Now the temple was built of stones that were white and strong, and each of their length was twenty-five cubits, their height was eight, and their breadth about twelve; Now in the western quarters of the enclosure of the temple there were four gates; the first led to the king’s palace, and went to a passage over the intermediate valley; two more led to the suburbs of the city; and the last led to the other city, where the road descended down into the valley by a great number of steps, and from there up again by the ascent for the city lay near to the temple in the manner of a theater, and was encompassed with a deep valley along the entire south quarter; but the fourth front of the temple, which was southward, had indeed itself gates in its middle, as also it had the royal cloisters, with three walks, which reached in length from the east valley to that on the west, for it was impossible it should reach any farther: and this cloister deserves to be mentioned better than any other under the sun; for while the valley was very deep, and its bottom could not be seen, if you looked from above into the depth, this further vastly high elevation of the cloister stood upon that height, insomuch that if anyone looked down from the top of the battlements, or down both those altitudes, he would be giddy, while his sight could not reach to such an immense depth. This cloister had pillars that stood in four rows one near to the other all along, for the fourth row was interwoven into the wall, which [also was built of stone]; and the thickness of each pillar was such, that three men might, with their arms extended, fathom it round, and join their hands again, while its length was twenty-seven feet, with a double spiral at it basis; and the number of all the pillars [in that court] was a hundred and sixty-two. Their chapiters were made with sculptures after Corinthian order, and caused and amazement [to the spectators], by reasons of the grandeur of the whole. These four rows of pillars included three intervals for walking in the middle of this cloister; two of which walks were made parallel to each other, and were contrived after the same manner; the breadth of each of them was thirty feet, the length was a furlong, and height fifty feet; but the breadth of the middle part of the cloister was one and a half of the other, and the height was double, for it was much higher than those on each side; but the roofs were adorned with deep sculptures in wood, representing many sorts of figures. The middle was much higher than the rest, and the wall of the front was adorned with beams, resting upon pillars, that were interwoven into it, and that front was all of polished stone, insomuch that its fineness, to such as had not seen it, was incredible, and to such as had seen it, was greatly amazing”.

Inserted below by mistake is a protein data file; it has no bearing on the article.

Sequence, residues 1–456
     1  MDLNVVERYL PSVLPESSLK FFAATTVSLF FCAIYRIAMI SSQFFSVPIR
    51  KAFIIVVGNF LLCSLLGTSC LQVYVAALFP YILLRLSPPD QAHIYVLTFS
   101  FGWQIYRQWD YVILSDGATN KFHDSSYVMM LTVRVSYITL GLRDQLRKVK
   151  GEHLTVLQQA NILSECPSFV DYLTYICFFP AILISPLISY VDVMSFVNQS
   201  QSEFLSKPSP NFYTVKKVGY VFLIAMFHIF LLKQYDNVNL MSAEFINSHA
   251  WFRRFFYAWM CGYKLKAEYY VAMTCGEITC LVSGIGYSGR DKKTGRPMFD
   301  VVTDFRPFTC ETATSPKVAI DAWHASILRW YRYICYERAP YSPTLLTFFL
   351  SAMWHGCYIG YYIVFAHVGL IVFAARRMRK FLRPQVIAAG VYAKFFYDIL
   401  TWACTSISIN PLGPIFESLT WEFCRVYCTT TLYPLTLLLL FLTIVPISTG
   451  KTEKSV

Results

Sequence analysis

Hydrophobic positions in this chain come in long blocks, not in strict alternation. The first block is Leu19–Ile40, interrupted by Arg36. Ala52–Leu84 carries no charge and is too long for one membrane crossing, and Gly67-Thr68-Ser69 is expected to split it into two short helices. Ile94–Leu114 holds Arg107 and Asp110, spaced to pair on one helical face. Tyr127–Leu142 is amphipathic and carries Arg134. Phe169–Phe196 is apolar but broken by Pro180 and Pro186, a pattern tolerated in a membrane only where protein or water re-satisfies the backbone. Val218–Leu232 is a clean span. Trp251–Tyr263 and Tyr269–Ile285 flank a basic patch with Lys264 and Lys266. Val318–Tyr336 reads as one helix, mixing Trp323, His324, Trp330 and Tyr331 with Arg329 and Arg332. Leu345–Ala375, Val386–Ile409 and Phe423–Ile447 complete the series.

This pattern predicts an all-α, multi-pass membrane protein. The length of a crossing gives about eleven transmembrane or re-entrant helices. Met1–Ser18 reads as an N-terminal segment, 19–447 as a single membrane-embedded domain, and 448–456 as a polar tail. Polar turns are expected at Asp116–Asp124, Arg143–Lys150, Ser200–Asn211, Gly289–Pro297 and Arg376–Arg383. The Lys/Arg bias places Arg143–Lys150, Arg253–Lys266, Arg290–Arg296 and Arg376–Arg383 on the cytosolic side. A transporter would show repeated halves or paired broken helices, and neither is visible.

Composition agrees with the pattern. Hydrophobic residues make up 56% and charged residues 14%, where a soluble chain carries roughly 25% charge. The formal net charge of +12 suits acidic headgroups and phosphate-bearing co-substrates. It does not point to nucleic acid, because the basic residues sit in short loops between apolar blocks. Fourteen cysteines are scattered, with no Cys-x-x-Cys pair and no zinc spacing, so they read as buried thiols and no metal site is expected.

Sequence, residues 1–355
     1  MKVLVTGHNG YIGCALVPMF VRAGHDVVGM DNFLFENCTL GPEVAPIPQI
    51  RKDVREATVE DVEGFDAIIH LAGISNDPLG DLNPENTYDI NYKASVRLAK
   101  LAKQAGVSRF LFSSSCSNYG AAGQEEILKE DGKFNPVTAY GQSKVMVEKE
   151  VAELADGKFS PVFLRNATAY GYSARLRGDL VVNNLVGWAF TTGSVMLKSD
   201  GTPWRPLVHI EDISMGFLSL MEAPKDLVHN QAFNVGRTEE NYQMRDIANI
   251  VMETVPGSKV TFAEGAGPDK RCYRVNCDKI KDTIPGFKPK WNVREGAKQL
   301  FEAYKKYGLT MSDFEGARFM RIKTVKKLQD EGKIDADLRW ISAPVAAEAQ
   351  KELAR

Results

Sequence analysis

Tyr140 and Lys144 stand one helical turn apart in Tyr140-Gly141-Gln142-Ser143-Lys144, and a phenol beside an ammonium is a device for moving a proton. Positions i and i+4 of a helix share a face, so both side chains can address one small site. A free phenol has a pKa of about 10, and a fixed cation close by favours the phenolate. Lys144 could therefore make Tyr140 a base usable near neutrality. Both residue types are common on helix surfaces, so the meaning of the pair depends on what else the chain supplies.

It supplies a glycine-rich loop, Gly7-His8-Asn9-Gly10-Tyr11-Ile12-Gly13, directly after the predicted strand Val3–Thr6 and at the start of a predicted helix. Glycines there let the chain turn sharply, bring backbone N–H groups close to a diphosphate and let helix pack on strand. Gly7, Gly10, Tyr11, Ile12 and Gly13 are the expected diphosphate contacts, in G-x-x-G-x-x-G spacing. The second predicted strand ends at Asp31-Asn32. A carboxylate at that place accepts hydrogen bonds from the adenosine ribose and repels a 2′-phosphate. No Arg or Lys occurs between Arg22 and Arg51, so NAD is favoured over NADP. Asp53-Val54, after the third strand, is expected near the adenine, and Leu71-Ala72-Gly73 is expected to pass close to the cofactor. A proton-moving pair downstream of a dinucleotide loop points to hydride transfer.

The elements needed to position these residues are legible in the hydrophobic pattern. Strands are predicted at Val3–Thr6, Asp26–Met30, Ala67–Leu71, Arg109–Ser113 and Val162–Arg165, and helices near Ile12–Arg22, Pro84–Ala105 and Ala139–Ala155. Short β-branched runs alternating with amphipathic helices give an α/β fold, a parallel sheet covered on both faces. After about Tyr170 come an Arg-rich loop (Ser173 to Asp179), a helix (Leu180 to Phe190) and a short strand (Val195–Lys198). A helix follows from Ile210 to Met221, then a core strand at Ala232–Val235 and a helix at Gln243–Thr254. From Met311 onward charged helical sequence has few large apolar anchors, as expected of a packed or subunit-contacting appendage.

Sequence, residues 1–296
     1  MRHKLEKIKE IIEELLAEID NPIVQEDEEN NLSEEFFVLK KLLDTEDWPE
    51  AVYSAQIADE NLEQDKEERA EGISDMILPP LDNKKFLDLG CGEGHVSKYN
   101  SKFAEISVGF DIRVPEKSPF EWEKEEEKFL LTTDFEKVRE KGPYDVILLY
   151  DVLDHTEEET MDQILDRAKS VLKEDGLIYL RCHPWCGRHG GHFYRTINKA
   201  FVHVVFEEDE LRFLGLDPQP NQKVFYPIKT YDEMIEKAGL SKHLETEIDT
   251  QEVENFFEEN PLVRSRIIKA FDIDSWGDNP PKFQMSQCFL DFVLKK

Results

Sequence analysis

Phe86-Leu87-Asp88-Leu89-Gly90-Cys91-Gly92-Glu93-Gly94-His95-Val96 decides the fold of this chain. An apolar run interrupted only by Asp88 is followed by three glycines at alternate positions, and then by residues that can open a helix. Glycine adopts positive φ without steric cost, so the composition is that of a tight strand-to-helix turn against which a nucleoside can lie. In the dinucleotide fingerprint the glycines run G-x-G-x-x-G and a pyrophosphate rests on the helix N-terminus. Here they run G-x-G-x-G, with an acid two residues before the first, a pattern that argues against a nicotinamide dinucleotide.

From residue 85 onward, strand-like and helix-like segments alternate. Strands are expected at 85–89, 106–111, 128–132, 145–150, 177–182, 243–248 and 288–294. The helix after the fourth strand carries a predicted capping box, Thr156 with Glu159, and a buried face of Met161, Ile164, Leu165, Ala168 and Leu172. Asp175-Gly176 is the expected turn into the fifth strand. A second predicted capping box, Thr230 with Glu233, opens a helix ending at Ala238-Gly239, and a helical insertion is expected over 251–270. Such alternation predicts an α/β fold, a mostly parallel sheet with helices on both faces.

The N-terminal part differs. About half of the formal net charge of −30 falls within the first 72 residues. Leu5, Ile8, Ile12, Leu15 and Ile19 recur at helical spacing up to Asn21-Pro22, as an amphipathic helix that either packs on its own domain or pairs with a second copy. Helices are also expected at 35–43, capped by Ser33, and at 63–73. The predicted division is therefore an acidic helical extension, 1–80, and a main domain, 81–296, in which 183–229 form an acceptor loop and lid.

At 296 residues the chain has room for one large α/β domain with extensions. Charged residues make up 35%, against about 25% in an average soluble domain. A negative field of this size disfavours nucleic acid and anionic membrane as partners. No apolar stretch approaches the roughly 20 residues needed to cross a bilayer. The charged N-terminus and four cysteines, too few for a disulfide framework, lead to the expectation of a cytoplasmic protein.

Etymology (behind the name):
Sha’ar – Hebrew: Gate.
Bab – Arabic: Gate.
Links and References:
- Wilson’s arch and the Great Causeway HAESI V123 2011
- Ophel and Hulda Gates – on the south-east side
- Western Wall – the wailing wall
- Western Wall tunnels
- Temple Mount
- Al-Aqsa mosque
- Dome of the Rock
Meir Ben-Dov: “The dig at the temple mount” (Keter #533340; 1982)
BibleWalks.com – walk with us through the sites of the Holy Land
Temple Mount Sites<—previous site–<<< All Sites >>>—next Jerusalem site–> Western Wall tunnels
This page was last updated on July 22, 2010